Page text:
Arts & Entertainment

Hockaday Exhibit Celebrates Montana’s Ceramic Art History

New show highlights state’s connection to the American ceramic art scene

If you were to ask someone where the epicenter of the American ceramic fine art scene is, you would get a lot of answers, and very few of them would include an old brickyard on the outskirts of Helena. In a state with celebrated painters and photographers, few know the story of how Montana has shaped contemporary ceramics over the last 60 years.

But that’s starting to change, thanks in part to a new show at Kalispell’s Hockaday Museum of Art titled “Beyond Craft: The Art of Ceramics.” The show opened on Feb. 15 and runs through April 7. It features the work of 25 Montana artists curated by the Hockaday’s Celinda English.

“We have an incredible amount of talented ceramic artists in Montana,” she said. “Curating this show was like sticking my hand into a bag of diamonds and picking out 25 amazing pieces.”

Montana’s rich ceramics tradition goes back to the 1950s and Archie Bray’s Western Clay Manufacturing Company. Bray was a bricklayer and avid fan of the arts, and he felt that ceramics could be more than just people making useful vases and bowls. He believed that, given the right environment, ceramics could become a fine art, so he opened an art center at the brickyard in 1951 as a place for anyone interested in pushing ceramics to the next level.

Montana artists Rudy Autio and Peter Voulkos were the art center’s first resident managers in the 1950s, and their work attracted national attention. A 1952 workshop at the center put Montana on the map, and the ceramics scene has been growing ever since. Eventually, the brickyard closed, but the Archie Bray Foundation for the Ceramic Arts has carried on its founder’s mission for decades.

Since its inception, “The Bray” has attracted hundreds of artists from around the world, including Flathead Valley’s David Regan. Regan was born in Buffalo, New York and became interested in ceramics as a child.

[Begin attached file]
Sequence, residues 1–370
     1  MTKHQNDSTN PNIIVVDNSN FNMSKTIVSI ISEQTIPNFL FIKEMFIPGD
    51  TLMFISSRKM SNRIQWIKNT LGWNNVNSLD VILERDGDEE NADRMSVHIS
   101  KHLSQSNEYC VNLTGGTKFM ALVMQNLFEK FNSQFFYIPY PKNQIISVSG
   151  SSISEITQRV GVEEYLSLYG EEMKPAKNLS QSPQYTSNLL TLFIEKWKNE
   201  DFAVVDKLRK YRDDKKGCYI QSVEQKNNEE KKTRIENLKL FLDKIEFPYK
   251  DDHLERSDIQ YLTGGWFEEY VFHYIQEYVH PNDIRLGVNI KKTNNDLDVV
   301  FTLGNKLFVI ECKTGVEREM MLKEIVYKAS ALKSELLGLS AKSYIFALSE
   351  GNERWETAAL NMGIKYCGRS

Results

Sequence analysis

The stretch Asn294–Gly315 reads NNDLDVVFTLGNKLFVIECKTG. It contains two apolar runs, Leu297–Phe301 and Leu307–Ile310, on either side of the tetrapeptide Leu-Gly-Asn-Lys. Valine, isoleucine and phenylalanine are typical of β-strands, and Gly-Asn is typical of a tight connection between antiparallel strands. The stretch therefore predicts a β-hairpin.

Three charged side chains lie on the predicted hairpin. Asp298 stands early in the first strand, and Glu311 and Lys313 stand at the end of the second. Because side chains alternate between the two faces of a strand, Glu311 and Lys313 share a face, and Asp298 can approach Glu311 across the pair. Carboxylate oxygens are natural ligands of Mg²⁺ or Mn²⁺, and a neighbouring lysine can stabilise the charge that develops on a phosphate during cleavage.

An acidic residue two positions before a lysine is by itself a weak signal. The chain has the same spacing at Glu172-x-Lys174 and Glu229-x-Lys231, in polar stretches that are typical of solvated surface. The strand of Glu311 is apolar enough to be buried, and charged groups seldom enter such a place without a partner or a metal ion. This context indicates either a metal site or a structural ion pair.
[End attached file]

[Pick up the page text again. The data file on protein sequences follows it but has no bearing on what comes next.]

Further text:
“I found ceramics both mesmerizing and endlessly challenging,” he said.

Regan attended the Nova Scotia College of Art and Design and later graduated with a bachelor of fine arts from the Rochester Institute of Technology in 1986. He did a residency with the Archie Bray Foundation from 1986 to 1988. Today, he’s a professor of ceramics at Flathead Valley Community College.

Regan’s piece in the Hockaday show is called “Water Rights” and was inspired by the smoky fall of 2017. It features two hands and a drawing of a water system along the arms. The sculpture is a perfect example of Regan’s work: a combination of three-dimensional ceramics and two-dimensional drawings, or “2.5D” has Regan likes to call it.

Other artists in the show include Candice Haster, Ken Kohoutek, Trey Hill and John Rawlings. English said she hopes the show educates visitors about the state’s incredible ceramics community.

“We see a lot of landscape art, but it’s our mission to also educate people on art that they’re not used to seeing,” she said.

Regan said he hopes the show will bring more attention to Montana’s role in the art of ceramics.

“A lot of people don’t realize how strong the ceramics scene is here,” Regan said. “Montana is a mecca of sorts of contemporary ceramic artists.”

“Beyond Craft: The Art of Ceramics” runs through April 7 at the Hockaday Museum of Art. For more information, visit hockadaymuseum.org.

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